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It was possibly the most bizarre story of the week, but for some long-suffering Manchester City supporters, it was also a horrible reminder of the bad old days.
Fortunately, City had already qualified for the last 16 of the Champions League when they arrived at Bayern Munich on Tuesday night, but things looked ominous in the opening stages as the European champions waltzed into a 2-0 lead.
But this wasn't the stuff of nightmares for City fans; worse was to come.
The Premier League side remained resilient after that initial shock and stunned Bayern by coming back to claim a 3-2 victory over the Bundesliga side.
It was an excellent performance, which ended Bayern's 10-match winning sequence in the Champions League. But after James Milner scored the goal to put City 3-2 up, Pellegrini took off Edin Dzeko and replaced him with Jack Rodwell, leaving Sergio Aguero to remain on the bench.
Surely some mistake when you need one more goal to overtake Bayern and ensure a comparatively easier draw in the last 16? It was an odd decision by Pellegrini, and surely there must have been some logic to it? But no, there wasn't.
Pellegrini was quizzed on the matter in a television interview immediately after the match by Sky Sports and seemed unaware that just one more goal would have sealed the top spot when asked if he was tempted to play another striker:
I was tempted if we scored the fourth goal. Of course, that's why I sent Aguero to warm up.
But also I think it was a risk to continue with (David) Silva. He couldn't play more than 70 minutes.
It is very important to be first in the group but not the most important thing. It was difficult to score two goals and I think that Silva couldn't play more than 70 minutes.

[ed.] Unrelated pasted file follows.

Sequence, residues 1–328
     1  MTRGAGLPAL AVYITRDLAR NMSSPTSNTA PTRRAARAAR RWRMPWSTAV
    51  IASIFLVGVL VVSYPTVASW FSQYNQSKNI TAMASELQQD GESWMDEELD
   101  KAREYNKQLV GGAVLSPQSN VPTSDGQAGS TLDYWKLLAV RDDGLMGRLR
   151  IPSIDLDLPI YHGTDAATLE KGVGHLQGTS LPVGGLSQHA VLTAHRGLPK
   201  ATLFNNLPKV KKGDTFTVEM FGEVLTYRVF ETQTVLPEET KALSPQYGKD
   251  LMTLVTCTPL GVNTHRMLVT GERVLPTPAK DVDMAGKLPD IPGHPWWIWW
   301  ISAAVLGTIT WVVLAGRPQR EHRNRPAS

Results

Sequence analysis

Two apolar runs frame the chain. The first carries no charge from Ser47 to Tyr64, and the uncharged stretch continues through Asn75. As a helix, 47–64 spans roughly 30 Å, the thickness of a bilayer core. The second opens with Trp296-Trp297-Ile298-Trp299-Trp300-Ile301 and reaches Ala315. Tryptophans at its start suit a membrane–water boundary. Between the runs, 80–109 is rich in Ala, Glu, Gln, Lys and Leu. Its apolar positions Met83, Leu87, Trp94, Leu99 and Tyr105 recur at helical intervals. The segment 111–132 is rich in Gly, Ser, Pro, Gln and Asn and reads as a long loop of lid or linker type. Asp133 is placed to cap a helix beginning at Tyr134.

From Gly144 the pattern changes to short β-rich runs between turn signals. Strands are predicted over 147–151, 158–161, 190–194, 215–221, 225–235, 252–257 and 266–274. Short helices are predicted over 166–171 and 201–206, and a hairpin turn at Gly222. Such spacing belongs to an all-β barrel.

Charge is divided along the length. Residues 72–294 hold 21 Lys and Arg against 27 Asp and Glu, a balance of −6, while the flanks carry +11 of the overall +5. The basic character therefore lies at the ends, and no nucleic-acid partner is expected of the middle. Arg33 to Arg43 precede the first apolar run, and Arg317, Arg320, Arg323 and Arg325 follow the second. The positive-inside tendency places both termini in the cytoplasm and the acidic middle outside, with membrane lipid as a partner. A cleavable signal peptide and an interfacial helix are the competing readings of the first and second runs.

Pellegrini then went into a press conference with the print media and promptly repeated the same response when questioned on his tactical switch, as Chris Bascombe of the Daily Telegraph reported.
Nothing lost in translation there then for the Chilean.
But the game was up once City goalscorer Milner stepped in front of the cameras, as Bascombe also noted:
We didn’t know if 4-2 would be enough or if we would need 5-2. We thought it needed to be 5-2 to be honest.
It’s not easy to score three goals here, so to score four would have been a tough task. It’s pleasing to score three goals at a place like this and we’re going to need to do that in the next round.
We’re slightly disappointed we did not finish top of the group. But to be slightly disappointed at beating Bayern Munich in their own ground is pretty pleasing.
For older City fans, the incident was reminiscent of the infamous final Premier League game of the 1995-96 season when then-Maine Road manager Alan Ball mistakenly believed a 2-2 draw with Liverpool was enough to keep the club in the top flight, as the Daily Telegraph reported.
The late England international urged City midfielder Steve Lomas to keep the ball in the corner to wind down time until substituted striker Niall Quinn realised the error and called for another goal.
City went down, and the incident now features in Premier League folklore and the nightmares of older fans. This time, only pride has been hurt. At least until City find out which group winner they will be paired with on Monday.
Believability Meter: Very High
There was no way Manchester City or Pellegrini could talk their way out of this one, especially after Milner voiced his uncertainty over the number of goals required in Bavaria.
And sure enough, the City boss admitted his mistake on Friday before the visit of Arsenal, as Graham Chase of the Daily Telegraph reported.
It might not be considered as big a clanger as the one which cost City their top-flight status in 1996, but it will not go away easily if the team is paired with a major name in the last 16 next week.